Donald J. Trump is facing the worst of two worlds as he prepares to become president of the United States.
He wants to spend a trillion bucks on infrastructure: roads, bridges, airports. He once compared American airports to “third world” terminals; the bridges and roads are a “disgrace.”
So he has pitched an expensive program to fix it all.
Here’s this little problem. There’s no money to pay for it. Why? He also wants to cut taxes.
Let’s see: Introducing a big spending program while cutting tax revenue seems to be counterintuitive in the extreme. Don’t you think?
On whom does the president-elect depend to help him enact this idea?
Republicans who control both congressional chambers? Forget about it. They’re skinflints who aren’t about to borrow more money and, therefore, increase the national debt. Do you remember when Joplin, Mo., was leveled by that tornado in 2011 and then-House Majority Leader Eric Cantor of Virginia demanded cuts elsewhere to offset the expense of making one of our communities whole?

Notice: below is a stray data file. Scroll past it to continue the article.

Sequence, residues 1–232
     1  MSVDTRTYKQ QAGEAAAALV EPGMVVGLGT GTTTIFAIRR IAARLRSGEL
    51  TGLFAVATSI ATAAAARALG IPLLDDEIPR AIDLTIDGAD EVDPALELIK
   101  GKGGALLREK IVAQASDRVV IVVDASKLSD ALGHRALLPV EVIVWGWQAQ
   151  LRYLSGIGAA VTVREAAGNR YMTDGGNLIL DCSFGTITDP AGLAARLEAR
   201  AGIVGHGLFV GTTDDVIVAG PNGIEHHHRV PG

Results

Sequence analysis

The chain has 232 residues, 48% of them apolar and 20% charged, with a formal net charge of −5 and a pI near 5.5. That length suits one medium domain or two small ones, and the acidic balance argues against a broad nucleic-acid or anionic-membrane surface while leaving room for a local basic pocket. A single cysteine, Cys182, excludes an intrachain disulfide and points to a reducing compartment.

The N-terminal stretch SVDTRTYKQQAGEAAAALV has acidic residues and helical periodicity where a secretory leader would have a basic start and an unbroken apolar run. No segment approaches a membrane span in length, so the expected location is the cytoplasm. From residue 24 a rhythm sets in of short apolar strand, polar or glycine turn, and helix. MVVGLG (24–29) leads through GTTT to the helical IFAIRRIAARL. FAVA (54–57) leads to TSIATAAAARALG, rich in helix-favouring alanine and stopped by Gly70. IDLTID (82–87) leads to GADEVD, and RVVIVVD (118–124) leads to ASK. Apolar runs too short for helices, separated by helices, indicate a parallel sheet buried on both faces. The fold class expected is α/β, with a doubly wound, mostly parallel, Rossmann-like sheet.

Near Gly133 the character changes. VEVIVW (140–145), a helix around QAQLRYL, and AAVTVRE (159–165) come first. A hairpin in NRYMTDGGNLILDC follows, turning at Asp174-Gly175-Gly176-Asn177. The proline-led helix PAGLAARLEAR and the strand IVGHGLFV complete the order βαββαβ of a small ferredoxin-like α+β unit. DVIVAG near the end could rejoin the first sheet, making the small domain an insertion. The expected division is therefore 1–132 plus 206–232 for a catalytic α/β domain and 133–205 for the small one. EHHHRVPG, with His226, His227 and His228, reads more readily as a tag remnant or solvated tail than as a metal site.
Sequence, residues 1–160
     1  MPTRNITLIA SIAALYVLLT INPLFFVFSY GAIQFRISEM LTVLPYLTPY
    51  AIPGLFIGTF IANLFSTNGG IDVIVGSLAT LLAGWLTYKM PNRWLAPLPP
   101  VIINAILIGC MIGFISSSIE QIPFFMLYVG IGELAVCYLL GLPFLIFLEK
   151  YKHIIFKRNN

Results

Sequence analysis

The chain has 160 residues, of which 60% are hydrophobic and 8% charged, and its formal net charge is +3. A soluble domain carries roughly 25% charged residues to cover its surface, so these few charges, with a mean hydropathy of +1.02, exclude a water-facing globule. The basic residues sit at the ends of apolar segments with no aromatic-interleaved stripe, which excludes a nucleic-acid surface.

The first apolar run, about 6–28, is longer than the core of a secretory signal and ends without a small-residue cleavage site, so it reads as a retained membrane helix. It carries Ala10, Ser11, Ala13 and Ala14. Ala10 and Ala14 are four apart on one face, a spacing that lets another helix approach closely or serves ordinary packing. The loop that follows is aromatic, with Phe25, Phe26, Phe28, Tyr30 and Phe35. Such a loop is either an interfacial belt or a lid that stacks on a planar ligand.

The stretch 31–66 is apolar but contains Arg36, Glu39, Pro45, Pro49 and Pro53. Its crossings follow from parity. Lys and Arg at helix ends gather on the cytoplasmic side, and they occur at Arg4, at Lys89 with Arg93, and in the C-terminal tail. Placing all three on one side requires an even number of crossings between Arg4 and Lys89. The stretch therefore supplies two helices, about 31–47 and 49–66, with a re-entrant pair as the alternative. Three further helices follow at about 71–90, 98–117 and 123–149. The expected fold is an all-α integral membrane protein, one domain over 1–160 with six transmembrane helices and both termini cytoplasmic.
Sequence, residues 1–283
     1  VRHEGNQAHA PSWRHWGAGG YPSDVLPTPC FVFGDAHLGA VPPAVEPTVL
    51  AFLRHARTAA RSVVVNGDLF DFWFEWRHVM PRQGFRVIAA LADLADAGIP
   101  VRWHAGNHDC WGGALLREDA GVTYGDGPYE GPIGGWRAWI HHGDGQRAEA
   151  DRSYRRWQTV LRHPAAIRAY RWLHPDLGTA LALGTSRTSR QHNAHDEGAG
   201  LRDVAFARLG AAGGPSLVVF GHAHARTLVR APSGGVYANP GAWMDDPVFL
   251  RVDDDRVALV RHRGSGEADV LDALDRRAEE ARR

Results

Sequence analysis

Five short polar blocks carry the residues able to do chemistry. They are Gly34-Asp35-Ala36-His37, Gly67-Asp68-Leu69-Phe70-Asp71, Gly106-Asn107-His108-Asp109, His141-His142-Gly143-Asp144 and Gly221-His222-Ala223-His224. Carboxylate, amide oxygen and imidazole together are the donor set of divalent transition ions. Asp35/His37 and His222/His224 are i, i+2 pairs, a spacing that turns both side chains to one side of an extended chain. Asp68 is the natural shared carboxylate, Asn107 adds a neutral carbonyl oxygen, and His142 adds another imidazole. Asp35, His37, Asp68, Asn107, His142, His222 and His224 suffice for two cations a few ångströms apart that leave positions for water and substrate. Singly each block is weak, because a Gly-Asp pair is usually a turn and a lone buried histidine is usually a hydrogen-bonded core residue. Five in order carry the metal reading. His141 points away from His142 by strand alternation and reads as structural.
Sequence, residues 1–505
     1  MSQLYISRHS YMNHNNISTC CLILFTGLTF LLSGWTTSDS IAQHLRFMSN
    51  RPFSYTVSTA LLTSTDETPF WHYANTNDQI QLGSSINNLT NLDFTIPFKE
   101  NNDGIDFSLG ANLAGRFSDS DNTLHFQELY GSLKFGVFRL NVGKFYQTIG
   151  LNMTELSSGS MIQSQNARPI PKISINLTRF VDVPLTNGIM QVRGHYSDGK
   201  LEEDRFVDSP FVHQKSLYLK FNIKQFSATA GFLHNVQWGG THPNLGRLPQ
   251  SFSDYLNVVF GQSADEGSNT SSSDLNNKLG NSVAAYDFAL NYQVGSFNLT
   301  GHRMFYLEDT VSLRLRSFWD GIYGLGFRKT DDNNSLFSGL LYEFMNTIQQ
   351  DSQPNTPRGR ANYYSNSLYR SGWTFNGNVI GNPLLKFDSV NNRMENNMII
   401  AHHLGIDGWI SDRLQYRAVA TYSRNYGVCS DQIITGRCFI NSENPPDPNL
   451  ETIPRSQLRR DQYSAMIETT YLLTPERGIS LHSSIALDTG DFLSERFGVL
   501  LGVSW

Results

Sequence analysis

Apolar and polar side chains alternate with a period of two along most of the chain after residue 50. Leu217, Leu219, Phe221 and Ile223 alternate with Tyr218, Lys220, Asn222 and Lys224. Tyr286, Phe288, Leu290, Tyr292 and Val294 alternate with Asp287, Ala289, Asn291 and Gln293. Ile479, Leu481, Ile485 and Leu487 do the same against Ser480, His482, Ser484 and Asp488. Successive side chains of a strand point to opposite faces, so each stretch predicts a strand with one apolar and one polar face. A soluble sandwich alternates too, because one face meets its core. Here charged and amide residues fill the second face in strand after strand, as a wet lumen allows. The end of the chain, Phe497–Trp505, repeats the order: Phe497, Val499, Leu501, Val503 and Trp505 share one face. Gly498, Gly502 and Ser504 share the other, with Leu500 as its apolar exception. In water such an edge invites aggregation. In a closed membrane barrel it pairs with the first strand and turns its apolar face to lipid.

What about Democrats who otherwise might be likely to support a big infrastructure “investment”? They detest Trump even more than Republicans do.
Can Trump declare a “mandate” to do what he wants? Um, no, not with a 1.7 million (and growing) popular-vote deficit stemming from the Nov. 8 presidential election.
So, here we are. A political novice set to become president of the United States is getting an on-the-job-training lesson on just how little power he really possesses.
This ain’t a corporate board room, Mr. President-elect.